On the other hand, the government stopped calculating poverty indicators. There are no official statistics. What is accepted as reliable data are the social measurements calculated by the Observatory of Social Debt of the Argentinian Catholic University — an institution close to Pope Francis — which at the end of last year published a poverty rate measured by income, of between 18 percent and 26 percent of the population. An alarming data is that 40 percent of families do not have any member that works in the formal sector with social security benefits. With this we can conclude that structural poverty has not been effectively resolved, after 12 years of growth and improvements in social rights.
Latin America, in spite of its machismo, has three women presidents: the Argentinian Cristina Fernández, the Chilean Michelle Bachelet and the Brazilian Dilma Rousseff. What is your opinion about them?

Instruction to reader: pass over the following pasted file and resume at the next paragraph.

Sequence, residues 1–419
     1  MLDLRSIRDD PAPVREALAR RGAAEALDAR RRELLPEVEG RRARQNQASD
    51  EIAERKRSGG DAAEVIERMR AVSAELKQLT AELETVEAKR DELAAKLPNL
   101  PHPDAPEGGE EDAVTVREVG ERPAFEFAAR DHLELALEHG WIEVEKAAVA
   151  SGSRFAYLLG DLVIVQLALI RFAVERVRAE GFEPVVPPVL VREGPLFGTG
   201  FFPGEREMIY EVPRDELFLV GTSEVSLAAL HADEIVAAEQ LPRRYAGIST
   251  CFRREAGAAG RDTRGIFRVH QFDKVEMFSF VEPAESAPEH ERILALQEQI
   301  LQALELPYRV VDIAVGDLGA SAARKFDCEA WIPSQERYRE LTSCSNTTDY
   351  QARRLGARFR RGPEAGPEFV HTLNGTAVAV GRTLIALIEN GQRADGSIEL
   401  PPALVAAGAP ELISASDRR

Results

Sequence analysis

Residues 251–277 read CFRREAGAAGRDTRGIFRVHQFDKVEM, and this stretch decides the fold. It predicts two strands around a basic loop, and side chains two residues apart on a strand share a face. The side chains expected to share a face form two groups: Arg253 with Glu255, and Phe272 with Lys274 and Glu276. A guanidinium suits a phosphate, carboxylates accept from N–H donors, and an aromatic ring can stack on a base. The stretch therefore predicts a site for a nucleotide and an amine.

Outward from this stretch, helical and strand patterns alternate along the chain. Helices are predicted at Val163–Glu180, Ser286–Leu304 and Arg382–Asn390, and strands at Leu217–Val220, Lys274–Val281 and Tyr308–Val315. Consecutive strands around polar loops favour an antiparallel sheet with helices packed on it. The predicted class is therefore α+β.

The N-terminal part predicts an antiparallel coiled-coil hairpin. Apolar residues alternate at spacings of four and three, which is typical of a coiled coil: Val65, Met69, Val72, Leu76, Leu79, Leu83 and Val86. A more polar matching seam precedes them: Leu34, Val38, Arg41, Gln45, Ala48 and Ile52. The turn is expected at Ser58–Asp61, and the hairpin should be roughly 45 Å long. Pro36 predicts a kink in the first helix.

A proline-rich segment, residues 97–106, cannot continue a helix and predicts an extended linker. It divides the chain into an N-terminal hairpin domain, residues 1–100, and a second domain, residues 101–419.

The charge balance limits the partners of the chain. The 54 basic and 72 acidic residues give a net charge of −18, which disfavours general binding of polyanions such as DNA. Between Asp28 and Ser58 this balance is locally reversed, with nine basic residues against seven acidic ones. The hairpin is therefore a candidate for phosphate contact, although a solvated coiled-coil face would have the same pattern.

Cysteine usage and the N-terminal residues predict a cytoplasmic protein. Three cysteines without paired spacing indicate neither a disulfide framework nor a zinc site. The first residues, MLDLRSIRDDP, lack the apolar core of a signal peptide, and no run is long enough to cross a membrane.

A machismo culture is very ingrained in the social fabric of the region. But I ask, except for the Scandinavian countries with very interesting laws on gender, what other society and continent is free of machismo? We could give a political interpretation on the matter about how capitalist societies are structured in function of production and productivity, where to be a man or woman determines, for example, who occupies management positions. Also, we could put forward questions about religion in some continents. Machismo is not only an issue in Latin America.
In Argentina, there is a femicide every 30 hours, and this is only the very worst expression of machismo, and reveals the tip of the iceberg. There are more subtle forms of gender violence being debated in the world of labor, politics, etc. In other words, about the place that women occupy in the public sphere.